For once Maharashtra Navnirman Sena president Raj Thackeray has got it absolutely right. When he lampooned Prime Minister Narendra Modi and NCP president Sharad Pawar after they made a cosy twosome over lunch at Pawar’s Baramati residence on February 14, he hit the nail bang on the head when he drew a cartoon with each asking the other, “Will you be my Valentine?’’
Come to think of it, both Pawar and Modi have much in common – both are crony capitalists, both cosy up to industrialists and count the leading entrepreneurs of the country among their best friends, neither believes in subsidies for the poor, both know the value of real estate and each one of them disposed of some prime government properties when they were chief ministers of their respective states. And, of course, both believe in empire building and both desperately wanted to be Prime Minister, only one succeeded in his first attempt, while the other failed over and over again.
But it is not just these commonalities that brought them together within months of Modi describing the NCP as the ‘Naturally Corrupt Party’ of the country. Chief minister Devendra Fadnavis has opened a series of investigations into corruption charges against NCP ministers in the previous government and seems rather intransigent on backing off. By softening up the CM’s boss with some home-made bhakri and thalipeeth, Pawar has bought some insurance against the possible conviction of his nephew Ajit Pawar in those cases, in the hope that the best route to a man’s heart is through his stomach. Moreover, Pawar has so many business irons in the fire that he needs to keep on the right side of any government at the Centre. In fact, Pawar has protected those interests in the past by his proximity to one or the other coalition partners in all non-Congress governments, including that of Prime Minister Atal Behari Vajpayee. But there seemed to be no one he could approach in the first true-blue BJP government at the Centre, so he did the best thing he ever could – opened a line to Modi through the latter’s best friend Gautam Adani.
Soon after the Lok Sabha election, Pawar, who had described Modi in the context of his desperation to be Prime Minister, as “an over eager bridegroom desperate to consummate his marriage even before the wedding ceremony was over” had boasted that he was the only UPA leader who had good relations with Modi. Then we caught him secretly spending a night at Adani’s holiday home in Mount Abu and within days of that there were pictures of him meeting Modi in New Delhi.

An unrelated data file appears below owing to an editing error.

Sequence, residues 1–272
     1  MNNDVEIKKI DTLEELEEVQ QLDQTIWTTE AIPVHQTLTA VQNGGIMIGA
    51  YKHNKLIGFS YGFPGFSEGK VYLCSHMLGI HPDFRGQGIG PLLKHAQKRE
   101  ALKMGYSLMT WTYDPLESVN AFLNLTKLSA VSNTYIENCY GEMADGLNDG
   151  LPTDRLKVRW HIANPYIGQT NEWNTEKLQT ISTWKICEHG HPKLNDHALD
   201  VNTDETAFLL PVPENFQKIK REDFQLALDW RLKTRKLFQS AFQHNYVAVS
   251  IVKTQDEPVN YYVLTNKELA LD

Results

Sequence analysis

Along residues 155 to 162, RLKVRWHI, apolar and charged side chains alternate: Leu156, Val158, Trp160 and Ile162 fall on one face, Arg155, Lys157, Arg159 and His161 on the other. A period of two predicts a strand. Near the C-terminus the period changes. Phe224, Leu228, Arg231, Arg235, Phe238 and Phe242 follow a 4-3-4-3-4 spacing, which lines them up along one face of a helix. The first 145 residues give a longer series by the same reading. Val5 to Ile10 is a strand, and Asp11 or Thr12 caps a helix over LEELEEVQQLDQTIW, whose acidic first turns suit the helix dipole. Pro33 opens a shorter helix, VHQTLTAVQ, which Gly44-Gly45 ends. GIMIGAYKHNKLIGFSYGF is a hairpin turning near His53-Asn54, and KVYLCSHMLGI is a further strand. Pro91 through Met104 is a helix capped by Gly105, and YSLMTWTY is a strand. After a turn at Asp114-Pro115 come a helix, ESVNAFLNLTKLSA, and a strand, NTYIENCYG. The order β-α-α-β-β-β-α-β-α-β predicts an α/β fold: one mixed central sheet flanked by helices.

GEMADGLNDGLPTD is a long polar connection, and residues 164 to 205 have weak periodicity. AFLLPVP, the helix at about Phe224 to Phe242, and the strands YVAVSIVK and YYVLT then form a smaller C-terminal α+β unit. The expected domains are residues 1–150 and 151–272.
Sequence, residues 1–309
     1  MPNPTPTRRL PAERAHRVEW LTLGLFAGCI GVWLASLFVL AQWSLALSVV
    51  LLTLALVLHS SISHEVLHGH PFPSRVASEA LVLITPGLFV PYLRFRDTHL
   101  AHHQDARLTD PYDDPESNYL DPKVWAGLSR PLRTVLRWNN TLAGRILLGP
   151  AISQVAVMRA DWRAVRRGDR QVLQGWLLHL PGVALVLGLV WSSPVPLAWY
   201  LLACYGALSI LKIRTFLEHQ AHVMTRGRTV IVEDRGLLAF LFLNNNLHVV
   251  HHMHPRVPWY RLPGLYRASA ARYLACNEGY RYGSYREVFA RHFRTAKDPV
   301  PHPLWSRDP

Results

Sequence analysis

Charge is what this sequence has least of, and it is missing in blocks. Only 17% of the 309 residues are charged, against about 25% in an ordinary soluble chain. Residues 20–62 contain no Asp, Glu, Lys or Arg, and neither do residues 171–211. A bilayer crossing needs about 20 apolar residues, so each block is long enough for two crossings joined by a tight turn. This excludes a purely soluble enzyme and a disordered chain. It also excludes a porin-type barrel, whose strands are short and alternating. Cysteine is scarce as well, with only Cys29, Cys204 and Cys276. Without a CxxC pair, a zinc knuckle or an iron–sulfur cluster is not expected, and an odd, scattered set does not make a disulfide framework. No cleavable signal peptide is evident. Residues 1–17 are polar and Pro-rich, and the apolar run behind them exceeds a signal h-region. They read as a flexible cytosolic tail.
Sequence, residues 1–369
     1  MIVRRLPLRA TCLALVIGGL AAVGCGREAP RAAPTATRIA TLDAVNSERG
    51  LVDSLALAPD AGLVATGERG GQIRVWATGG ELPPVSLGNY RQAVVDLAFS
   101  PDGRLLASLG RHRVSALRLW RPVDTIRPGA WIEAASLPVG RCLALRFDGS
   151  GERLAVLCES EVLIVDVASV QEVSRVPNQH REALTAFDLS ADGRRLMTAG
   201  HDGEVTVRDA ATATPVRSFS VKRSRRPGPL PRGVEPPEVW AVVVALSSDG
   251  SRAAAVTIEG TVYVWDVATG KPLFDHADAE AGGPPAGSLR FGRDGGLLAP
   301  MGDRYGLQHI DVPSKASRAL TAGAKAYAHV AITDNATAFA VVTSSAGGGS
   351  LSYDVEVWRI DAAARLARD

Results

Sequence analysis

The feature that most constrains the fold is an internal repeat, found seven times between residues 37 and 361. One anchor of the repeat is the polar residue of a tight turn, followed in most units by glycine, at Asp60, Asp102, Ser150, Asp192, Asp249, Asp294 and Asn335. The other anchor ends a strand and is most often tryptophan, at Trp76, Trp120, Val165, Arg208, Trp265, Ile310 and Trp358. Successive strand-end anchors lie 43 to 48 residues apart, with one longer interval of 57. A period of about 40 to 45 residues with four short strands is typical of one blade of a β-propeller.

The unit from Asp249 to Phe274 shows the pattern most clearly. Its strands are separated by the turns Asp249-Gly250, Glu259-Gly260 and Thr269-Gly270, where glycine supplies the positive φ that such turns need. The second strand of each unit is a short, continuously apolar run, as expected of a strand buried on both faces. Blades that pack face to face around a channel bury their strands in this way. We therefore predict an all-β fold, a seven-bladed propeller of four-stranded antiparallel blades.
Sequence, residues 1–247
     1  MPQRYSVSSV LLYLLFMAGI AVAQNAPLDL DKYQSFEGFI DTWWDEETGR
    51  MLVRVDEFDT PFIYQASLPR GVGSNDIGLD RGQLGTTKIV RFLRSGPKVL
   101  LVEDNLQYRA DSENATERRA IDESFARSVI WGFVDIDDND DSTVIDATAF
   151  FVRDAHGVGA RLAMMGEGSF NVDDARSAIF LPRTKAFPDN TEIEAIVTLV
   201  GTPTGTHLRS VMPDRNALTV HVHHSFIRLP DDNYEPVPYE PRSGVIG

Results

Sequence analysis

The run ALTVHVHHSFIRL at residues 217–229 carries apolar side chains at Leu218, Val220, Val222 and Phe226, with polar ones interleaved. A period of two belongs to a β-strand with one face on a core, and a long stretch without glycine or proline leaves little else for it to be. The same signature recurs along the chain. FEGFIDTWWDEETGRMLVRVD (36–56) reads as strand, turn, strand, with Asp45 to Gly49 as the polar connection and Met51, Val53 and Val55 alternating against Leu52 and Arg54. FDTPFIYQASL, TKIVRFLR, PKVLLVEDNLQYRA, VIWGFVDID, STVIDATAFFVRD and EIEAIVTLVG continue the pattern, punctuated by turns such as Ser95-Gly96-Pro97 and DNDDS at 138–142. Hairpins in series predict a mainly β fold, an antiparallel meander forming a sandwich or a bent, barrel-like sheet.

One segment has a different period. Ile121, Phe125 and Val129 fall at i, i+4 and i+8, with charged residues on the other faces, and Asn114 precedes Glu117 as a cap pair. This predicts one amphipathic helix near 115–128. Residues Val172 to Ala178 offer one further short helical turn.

In fact, Pawar had hoped for a Maharashtra-like result at the Centre, in which case he would have officially broken up with the Congress sooner than he did days before the Assembly elections in October. But then he got a dream result in Maharashtra and lost little time in offering support to the BJP. But with Fadnavis refusing to be obligated to the NCP….hmm!
Then, again, Pawar has ambitions to be BCCI chief again and with Amit Shah as the president of the Gujarat Cricket Association and the BJP controlling several more votes, it is obvious why Pawar needs to soften up Modi.
But why would Modi want Pawar to be his Valentine? Apart from common business friends, I suspect with the Modi magic wearing off and even Uddhav Thackeray picking up the courage to openly taunt a Prime Minister whose party runs a government in Maharashtra with Sena support — soon after the Delhi election results Uddhav had said a tsunami is bigger than a wave — Modi senses that he, too, must play the NCP against the Shiv Sena and stave off the steady wearing down of his charm and awe among the people by making more friends than he would have otherwise needed. That is why he compromised local BJP leaders and made tracks to Baramati.
How long this love affair lasts though is anybody’s guess. Modi is too much in love with himself to care about others for too long. And Pawar, best at running rings round others, including former PM Manmohan Singh and UPA chairperson Sonia Gandhi taking advantage of their essential decency and sense of honour, will not be able to supplicate before an ego-centric Modi for too long. We will just have to wait and see how the cookie finally crumbles.